The Guidestones mystery got some press today in the New York Times!
The Guidestones New York Times article stated that “Only one man is said to know the identity of the benefactor who went by the name of R. C. Christian when he visited this East Georgia city in 1979 and paid for the display, supposedly on behalf of a group of others living outside Georgia.”
“I made an oath to that man, and I can’t break that,” said Wyatt Martin, 82, the retired banker who helped broker the arrangement for the monument, which is 19 feet tall and resembles Stonehenge. “No one will ever know.”
The article goes on to discuss the theories surrounding the Guidesstones’ existence, and the future of the monument.
“But nearly everyone here has a theory about the artifact, built during the cold war and said to be, at least in part, a guide for civilization’s future in the aftermath of a nuclear attack. Its edicts include a call to “unite humanity with a living new language” and a recommendation to keep the planet’s population below 500 million. (The Census Bureau estimates the world’s population is 7.1 billion.)”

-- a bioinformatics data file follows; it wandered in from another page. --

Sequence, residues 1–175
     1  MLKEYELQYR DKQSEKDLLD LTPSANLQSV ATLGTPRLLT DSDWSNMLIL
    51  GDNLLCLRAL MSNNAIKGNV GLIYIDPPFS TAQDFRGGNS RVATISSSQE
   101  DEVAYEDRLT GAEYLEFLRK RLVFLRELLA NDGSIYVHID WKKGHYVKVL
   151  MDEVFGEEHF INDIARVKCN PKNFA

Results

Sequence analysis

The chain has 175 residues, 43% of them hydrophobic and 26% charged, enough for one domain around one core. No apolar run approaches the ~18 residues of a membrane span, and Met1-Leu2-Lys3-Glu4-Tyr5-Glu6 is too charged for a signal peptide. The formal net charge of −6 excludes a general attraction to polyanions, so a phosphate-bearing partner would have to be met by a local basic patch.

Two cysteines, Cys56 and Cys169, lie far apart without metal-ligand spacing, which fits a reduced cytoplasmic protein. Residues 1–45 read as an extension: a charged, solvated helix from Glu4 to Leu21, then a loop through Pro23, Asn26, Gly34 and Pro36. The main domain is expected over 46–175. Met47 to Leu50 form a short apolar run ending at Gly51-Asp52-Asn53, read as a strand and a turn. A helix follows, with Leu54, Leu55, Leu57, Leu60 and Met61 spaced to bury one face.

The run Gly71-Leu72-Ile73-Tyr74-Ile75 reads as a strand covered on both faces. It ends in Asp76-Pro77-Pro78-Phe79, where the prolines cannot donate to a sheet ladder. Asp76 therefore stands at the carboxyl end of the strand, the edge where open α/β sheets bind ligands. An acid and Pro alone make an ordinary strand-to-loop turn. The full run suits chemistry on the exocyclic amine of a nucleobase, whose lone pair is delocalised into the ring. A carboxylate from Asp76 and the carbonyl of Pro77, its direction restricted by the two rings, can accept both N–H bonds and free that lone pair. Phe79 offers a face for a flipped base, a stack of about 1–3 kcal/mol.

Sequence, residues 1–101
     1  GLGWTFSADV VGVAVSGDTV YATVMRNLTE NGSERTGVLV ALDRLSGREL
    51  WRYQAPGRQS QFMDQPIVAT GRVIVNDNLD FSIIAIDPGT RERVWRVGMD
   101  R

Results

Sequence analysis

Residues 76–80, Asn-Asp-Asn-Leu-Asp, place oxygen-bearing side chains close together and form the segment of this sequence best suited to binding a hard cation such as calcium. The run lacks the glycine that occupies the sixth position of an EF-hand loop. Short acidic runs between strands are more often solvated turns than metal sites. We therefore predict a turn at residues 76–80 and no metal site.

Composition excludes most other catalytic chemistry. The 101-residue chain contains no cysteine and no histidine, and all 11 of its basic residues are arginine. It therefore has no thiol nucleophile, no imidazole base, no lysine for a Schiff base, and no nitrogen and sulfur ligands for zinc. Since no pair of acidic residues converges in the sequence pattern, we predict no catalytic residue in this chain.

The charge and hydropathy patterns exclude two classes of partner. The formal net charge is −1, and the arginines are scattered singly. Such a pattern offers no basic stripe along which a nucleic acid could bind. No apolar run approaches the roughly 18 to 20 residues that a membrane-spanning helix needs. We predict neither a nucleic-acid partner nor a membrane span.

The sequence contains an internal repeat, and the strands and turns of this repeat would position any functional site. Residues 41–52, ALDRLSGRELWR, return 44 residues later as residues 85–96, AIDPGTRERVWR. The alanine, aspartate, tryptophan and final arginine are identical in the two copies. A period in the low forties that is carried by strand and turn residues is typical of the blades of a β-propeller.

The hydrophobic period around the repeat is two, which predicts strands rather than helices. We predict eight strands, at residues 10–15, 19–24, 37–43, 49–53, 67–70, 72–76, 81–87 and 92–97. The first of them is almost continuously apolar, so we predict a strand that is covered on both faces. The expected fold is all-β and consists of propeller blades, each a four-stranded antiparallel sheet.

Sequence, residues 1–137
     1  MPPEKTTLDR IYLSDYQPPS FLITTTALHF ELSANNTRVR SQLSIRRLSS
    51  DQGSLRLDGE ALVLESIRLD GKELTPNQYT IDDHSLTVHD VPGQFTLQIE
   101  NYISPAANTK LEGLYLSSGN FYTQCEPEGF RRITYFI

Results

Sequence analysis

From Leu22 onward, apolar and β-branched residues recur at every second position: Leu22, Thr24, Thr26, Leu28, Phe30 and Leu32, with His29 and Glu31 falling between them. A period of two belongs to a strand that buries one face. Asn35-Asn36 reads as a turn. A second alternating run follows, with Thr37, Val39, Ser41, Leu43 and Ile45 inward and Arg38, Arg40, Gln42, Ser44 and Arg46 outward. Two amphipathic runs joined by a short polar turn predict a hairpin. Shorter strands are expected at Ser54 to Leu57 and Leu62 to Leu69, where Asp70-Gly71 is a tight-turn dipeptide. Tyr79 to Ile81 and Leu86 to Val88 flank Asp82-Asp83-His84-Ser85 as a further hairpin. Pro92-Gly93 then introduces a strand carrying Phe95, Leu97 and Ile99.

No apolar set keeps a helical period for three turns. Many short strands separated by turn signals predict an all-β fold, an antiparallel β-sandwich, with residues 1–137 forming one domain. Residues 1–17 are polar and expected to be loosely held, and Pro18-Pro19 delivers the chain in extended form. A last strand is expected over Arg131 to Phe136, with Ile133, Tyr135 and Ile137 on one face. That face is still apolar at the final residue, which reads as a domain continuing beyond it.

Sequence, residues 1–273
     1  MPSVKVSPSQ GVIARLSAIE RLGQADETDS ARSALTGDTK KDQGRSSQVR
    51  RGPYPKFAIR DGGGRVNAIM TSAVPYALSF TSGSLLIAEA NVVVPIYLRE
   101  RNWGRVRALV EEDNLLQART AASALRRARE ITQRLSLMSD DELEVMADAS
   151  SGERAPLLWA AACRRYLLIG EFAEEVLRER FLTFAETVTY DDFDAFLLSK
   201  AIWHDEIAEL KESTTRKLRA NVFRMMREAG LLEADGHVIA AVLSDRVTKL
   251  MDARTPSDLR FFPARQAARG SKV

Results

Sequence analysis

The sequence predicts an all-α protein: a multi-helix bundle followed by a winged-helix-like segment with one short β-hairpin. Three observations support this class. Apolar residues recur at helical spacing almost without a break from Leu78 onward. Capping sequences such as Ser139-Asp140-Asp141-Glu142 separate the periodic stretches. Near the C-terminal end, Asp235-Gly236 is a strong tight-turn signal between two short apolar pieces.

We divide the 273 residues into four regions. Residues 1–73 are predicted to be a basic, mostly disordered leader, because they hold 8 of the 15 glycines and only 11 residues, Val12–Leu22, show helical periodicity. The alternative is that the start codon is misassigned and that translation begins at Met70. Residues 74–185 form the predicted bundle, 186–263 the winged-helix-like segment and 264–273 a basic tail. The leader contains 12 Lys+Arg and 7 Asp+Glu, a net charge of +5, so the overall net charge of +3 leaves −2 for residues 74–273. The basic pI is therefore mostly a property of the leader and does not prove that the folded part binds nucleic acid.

but if one man here gets his way, that lasting debate could become a spigot of cash for a county of nearly 20,000 people, where unemployment approaches 12 percent and the median household income stands below $33,000.
“My long-term goal is to build some sort of festival around it, something that would be a weeklong thing that could be held in two or three different spots around Elberton that could really draw in crowds and help the local economy,” said Mart Clamp, a local businessman who helped his father engrave the Guidestones. “There’s a big push right now for the wholesomeness of how small towns operate. People are drawn to that.”
Clearly the mystery of the Stonehenge-like structure is still buzzing through the American psyche, and with its Georgian neighbours wanting to try and capitalize on its existence, it looks like the Guidestones will be around for a long while.